Andersen CEO bolts for Webvan

The man who helped create the world's biggest consulting firm, thensingle-handedly ignited internal warfare, is leaving Andersen Consulting to joinin on the Internet bonanza. George T.

The man who helped create the world's biggest consulting firm, then single-handedly ignited internal warfare, is leaving Andersen Consulting to join in on the Internet bonanza.

George T. Shaheen stepped down as chief executive and managing partner of Andersen, ending a 30-year career marked by controversy. The 55-year-old executive will become president and CEO of Webvan Group Inc. The Internet startup, based in Foster City, Calif., handles online grocery and drugstore deliveries to consumers.

Shaheen's departure couldn't come at a more difficult time for Andersen Consulting. A protracted attempt to split off from Arthur Andersen, the accounting company, is coming to a head, with final hearings taking place next month.

Shaheen will replace Louis H. Borders, Webvan's founder and current chief, who remains chairman. "My choice would have been to retire sometime next year," Shaheen said in a statement. "However, this new opportunity required that I move up my decision, and, as a result, the timing was not under my control."

Compensation a big factor
Though specifics of Shaheen's compensation couldn't be learned, joining Webvan could bring the executive an oversize grocery cart of stock-option wealth. The potential is so huge that "he just couldn't ignore it," one Andersen insider says.

"We wish him well in what he's doing. Everybody leaves sometime, when the opportunity comes along and the timing is perfect, you've got to go," says John T. Kelly, a 60-year-old Andersen partner who yesterday became its interim managing partner and CEO. The firm said it will name a new CEO by Nov. 10.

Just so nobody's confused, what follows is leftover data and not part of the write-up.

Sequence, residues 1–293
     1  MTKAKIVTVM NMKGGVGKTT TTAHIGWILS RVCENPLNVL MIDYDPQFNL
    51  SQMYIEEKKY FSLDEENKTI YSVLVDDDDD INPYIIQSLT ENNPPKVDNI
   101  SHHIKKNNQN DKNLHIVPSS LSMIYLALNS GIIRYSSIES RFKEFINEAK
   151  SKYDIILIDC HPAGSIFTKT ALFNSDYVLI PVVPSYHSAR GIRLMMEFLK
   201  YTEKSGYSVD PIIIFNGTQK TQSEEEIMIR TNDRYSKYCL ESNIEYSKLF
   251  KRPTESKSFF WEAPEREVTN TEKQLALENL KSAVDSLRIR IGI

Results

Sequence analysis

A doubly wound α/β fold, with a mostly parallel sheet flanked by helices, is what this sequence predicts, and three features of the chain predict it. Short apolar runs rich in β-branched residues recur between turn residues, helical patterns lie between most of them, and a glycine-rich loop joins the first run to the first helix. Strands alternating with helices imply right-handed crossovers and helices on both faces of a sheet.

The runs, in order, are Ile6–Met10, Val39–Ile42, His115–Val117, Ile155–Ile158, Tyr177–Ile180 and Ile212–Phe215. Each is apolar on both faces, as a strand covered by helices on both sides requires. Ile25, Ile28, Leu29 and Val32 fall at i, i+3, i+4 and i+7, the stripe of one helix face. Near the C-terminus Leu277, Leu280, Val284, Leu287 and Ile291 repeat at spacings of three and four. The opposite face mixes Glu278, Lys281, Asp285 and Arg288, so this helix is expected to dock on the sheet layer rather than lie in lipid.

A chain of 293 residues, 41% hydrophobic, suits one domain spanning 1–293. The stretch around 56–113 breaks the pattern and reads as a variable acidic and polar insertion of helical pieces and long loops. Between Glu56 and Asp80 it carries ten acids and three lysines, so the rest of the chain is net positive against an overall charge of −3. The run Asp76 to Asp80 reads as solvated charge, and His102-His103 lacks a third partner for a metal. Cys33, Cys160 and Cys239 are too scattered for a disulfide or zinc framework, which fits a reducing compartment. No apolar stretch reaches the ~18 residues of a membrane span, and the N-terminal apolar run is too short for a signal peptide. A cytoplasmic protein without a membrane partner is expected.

The dapper-dressing Shaheen, known for his fiery temperament and impatience with subordinates, has been frustrated in recent years watching clients' executives become millionaires many times over from stock options, acquaintances say.

News of his departure hit consulting rivals like a thunderbolt. "That's a shock," said David Nestor, a spokesman for PricewaterhouseCoopers.

For Shaheen, who didn't return calls, and Webvan, the timing is perfect.


Face-off: Webvan vs Peapod

Earlier this month, Webvan said its initial public offering of 25 million common shares may be priced between $11 and $13 a share, producing net proceeds of about $300 million. The startup is gambling that its ambitious IPO won't be thwarted by the recent shakeout in Internet stocks.

Shaheen will take charge of a truly tiny enterprise. Webvan had revenue of just $395,000 and a net loss of $33.5 million during this year's first half.

Begun in December 1996, the concern began shipping everything from toothpaste to tuna steaks to the public last May.

A rancorous fight
Webvan currently operates only in the San Francisco Bay area, where Shaheen lives. But last month, it signed a $1 billion construction accord with Bechtel Group Corp. to build big, automated warehouses in 26 major U.S. markets.